I was working for a Miami TV station at the time and was among the gaggle of reporters and photographers who showed up later that day.
To us, Wilmot offered hot cocoa on cold mornings and icy martinis at cocktail hour almost every evening. (I recall the network correspondents who didn’t have a story on the air that night indulging. The rest of us were always on deadline or preparing for live shots.)
In her big white sunglasses, Wilmot, a horse breeder and department store heiress who died in 2002, became a national figure as she tottered around her pool patio, always wearing white while carrying her dog, a white fur ball named “Fluff.”
While various agencies debated how best to get the freighter afloat and reporters made bets on when it would be hauled out to sea, the droll Wilmot gathered her Palm Beach friends to sip cocktails and watch the news unfold live from her back yard.
After overstaying its welcome by 105 days, the Mercedes was finally hauled away to become an artificial reef off the Broward County coast.
Disney studios hoped to turn the saga into a movie called “Palm Beached,” but Wilmot balked at the choice of Bette Midler playing her as well as a plot line that had her cavorting with the ship’s captain.
Wilmot’s house was sold and demolished after her death. A new house on the property sold for $23 million in 2014.
Speaking to NBC’s Savannah Guthrie this morning, Trump’s oldest daughter said, “I’ve never spoken in a stadium like this, but really I just want to make sure I do a great job for him. So it’s a real honor and a privilege that he asked me to do this, and I think it’s a testament to him as a parent.”
Ivanka, 34, daughter of Trump’s first wife, Ivana, also said, “I’m really comfortable with my speech because it comes from my heart.”
“I love Melania so much and I am so proud of the job that she did,” Ivanka said. “She’s a very private person and for her to come out on that stage and speak from the heart and share her story about coming to this country.
“This is such a personal experience for her and she shared it in such a graceful and articulate way, so I am enormously impressed with her ability to do that and have great respect for it.”
During the campaign, Ivanka has often been the Trump family spokesperson since Melania prefers to remain in the background with her son, Baron.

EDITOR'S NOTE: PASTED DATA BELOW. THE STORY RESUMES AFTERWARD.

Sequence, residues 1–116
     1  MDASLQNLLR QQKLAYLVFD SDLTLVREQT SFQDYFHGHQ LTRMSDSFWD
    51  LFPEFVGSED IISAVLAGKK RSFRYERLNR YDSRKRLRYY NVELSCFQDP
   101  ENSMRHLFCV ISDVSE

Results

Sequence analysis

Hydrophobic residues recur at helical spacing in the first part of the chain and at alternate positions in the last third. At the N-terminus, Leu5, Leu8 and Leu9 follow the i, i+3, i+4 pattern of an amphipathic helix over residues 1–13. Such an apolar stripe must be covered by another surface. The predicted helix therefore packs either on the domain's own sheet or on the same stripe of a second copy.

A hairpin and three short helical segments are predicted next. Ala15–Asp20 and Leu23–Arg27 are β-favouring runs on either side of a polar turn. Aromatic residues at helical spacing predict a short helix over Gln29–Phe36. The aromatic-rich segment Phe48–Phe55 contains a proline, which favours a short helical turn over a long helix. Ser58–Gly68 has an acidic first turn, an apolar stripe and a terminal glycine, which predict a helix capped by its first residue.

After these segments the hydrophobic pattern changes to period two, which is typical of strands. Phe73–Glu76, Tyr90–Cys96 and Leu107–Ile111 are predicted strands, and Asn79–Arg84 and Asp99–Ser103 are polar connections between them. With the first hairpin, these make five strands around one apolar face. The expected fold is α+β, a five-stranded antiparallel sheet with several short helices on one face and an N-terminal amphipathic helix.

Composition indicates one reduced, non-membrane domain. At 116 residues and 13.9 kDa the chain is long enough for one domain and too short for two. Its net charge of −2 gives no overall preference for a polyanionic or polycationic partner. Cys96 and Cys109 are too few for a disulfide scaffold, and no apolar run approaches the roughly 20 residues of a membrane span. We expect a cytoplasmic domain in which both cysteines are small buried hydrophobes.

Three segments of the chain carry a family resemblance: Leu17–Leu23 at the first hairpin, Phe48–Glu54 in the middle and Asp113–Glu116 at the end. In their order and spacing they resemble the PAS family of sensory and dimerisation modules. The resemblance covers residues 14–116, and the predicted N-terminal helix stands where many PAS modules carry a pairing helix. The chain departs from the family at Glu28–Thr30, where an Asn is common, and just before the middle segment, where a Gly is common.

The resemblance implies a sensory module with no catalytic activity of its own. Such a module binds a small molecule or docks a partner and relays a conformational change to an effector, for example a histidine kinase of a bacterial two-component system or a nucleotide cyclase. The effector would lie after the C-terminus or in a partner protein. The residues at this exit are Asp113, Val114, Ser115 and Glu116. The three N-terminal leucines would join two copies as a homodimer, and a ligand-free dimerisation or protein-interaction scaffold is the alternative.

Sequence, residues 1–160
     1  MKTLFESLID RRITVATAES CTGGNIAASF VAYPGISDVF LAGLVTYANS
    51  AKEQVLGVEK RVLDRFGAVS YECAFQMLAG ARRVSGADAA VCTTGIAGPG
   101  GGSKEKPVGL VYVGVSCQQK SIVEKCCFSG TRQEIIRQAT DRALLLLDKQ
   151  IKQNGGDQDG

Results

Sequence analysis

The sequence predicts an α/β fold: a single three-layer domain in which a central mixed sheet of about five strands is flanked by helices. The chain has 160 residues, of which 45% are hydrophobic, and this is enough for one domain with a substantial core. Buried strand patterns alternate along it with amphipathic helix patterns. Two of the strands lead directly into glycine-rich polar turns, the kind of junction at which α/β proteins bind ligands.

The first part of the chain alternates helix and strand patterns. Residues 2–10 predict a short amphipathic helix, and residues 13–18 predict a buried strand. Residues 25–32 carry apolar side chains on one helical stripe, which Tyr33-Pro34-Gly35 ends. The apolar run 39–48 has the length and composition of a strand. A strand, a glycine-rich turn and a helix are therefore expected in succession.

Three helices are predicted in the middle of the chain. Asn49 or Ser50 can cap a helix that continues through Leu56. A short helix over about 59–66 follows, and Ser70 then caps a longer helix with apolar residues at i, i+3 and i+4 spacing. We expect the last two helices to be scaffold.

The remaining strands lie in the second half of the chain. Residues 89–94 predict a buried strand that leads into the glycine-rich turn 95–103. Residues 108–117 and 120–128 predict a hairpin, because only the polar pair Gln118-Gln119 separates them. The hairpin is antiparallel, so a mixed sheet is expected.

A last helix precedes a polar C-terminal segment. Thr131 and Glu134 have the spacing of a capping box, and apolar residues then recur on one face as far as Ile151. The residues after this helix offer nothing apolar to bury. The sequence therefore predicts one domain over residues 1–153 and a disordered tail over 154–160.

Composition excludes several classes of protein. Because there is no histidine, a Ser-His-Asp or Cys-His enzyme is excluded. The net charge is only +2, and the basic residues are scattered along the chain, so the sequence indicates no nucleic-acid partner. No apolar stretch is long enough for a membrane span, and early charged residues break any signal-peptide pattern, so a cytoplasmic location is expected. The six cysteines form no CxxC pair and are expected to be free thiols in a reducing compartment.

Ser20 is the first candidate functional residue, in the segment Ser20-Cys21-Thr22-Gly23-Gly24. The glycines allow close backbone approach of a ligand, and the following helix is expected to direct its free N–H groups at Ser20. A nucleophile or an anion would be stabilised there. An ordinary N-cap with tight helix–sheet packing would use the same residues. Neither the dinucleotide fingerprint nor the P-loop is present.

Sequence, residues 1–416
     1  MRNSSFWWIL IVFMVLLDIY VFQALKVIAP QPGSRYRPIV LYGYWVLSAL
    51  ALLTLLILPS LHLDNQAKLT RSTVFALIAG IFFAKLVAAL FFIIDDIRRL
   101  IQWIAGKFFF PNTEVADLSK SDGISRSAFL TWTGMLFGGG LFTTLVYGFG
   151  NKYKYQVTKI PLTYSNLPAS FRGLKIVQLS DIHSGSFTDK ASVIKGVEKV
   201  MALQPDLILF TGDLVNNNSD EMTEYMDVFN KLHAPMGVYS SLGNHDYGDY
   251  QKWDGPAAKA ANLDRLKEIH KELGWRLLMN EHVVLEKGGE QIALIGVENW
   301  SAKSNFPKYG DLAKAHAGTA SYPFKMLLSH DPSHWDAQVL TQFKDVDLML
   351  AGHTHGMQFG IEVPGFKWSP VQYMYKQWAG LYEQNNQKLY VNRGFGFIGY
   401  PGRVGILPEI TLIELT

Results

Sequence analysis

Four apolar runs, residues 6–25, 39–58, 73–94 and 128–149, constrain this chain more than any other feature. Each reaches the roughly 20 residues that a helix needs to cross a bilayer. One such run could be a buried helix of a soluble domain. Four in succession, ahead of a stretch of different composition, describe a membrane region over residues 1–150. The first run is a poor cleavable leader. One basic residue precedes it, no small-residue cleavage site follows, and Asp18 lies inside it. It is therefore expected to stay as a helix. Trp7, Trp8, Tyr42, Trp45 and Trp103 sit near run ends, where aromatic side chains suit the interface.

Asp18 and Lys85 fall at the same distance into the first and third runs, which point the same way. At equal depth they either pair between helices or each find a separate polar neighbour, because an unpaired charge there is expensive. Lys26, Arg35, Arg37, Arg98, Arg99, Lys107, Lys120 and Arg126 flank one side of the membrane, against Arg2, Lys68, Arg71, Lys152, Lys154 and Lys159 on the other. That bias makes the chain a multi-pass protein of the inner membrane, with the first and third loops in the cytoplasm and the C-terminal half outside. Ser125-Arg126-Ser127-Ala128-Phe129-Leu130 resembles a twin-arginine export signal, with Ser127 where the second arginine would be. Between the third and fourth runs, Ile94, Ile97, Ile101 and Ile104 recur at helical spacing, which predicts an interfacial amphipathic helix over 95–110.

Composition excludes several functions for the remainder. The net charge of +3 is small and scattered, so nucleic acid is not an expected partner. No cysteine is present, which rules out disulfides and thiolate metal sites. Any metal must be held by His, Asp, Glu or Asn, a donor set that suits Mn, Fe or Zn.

Melania Trump will try to repair her husband’s basement-dwelling ratings with women tonight while also talking about her own immigrant experience, say RNC organizers.
As tonight’s convention headliner, Melania will likely try to bolster her husband’s claims that women love him despite polls that show Hillary Clinton has the lead among women voters 52 to 37 percent.
As she has in the past, Melania is likely to emphasize that when she immigrated from Slovakia in 1996 to future her modeling career, she played by the rules before becoming an American citizen in 2006.
Nile monitors, native to the Nile Delta in Africa, can reach 5-foot and 15 pounds. The semi-aquatic meat-eaters with a fearsome bite are known to breed in the canal along Southern Boulevard. (FWC)
Iguanas are tearing up our gardens while Nile monitor lizards are breeding in the C-51 Palm Beach Canal along Southern Boulevard.
Invasive exotic species abound in South Florida and Palm Beach County has its share.
The Burmese pythons breeding in the Everglades haven’t migrated this far north, but wildlife officials are concerned about the spread of tegus, a large black-and-white lizard found in substantial numbers west of Miami and spotted a few times in Palm Beach County.
Leading up to Wednesday’s charity polo match in Wellington, the Prince of England and the Prince of Polo engaged in a week of texting banter about whose team would take home the trophy from the Prince’s Sentabale Royal Salute Polo Cup, said Nacho Figueras, Argentinean polo god and Ralph Lauren model.
Figueras, a Sentabale Ambassador for the Prince’s African children’s charity, paused to speak to the media before the match, which was held May 4 under rain-swollen skies on a sodden private polo field south of Lake Worth Rd.
“He’s really fun,” said Figueras of his royal pal. “We’ve been joking about who’s going to win. He’s really fun to be around.”
Nacho, who has four children, said he strongly supports Sentabale’s mission of helping children living with HIV and AIDS. He and Prince Harry, who’s on the cover of new People talking about how his life mission is to “make my mother incredibly proud,” visited the the charity’s operation together in the southern African country of Lesotho.
“It’s important to get over the stigma of HIV,” Figueras, 39, said, “and to get behind these kids. They’re the future of Africa.”
A casually-dressed Harry, wearing a scruffy red beard, showed up a few minutes later escorting Figueras’ wife, photographer Delfina Blaquier.
“Welcome to the Sunshine State,” the ginger-haired Prince, 31, said, laughing, indicating the gray skies overhead.
The Prince, fifth in line to the English throne, seemed to have some royal power over the weather.
As soon as he arrived at the Valiente Polo Farm, where the event was held, the afternoon torrent trickled to a drizzle, then stopped for the duration of the match. It started up again at the end of the games, as trophies were awarded.
After the Prince’s Sentabale team won the trophy against Figueras’ Royal Salute squad, it was obvious the two men are good friends.
With some good-natured trash talk on the trophy stand, Figueras swiped the gold horse-and-rider out of the Prince’s hands, who grabbed it back.
A Sentabale spokeswoman said the Prince’s charity hoped to raise more than a million dollars from the match, which will go toward sending 1,500 children to the Mamohato Children’s Center, where they are educated about the virus in hopes of ending Africa’s AIDS epidemic.
Speaking to donors afterward, Prince Harry said later this year Sentabale expects to expand its work into Botswana.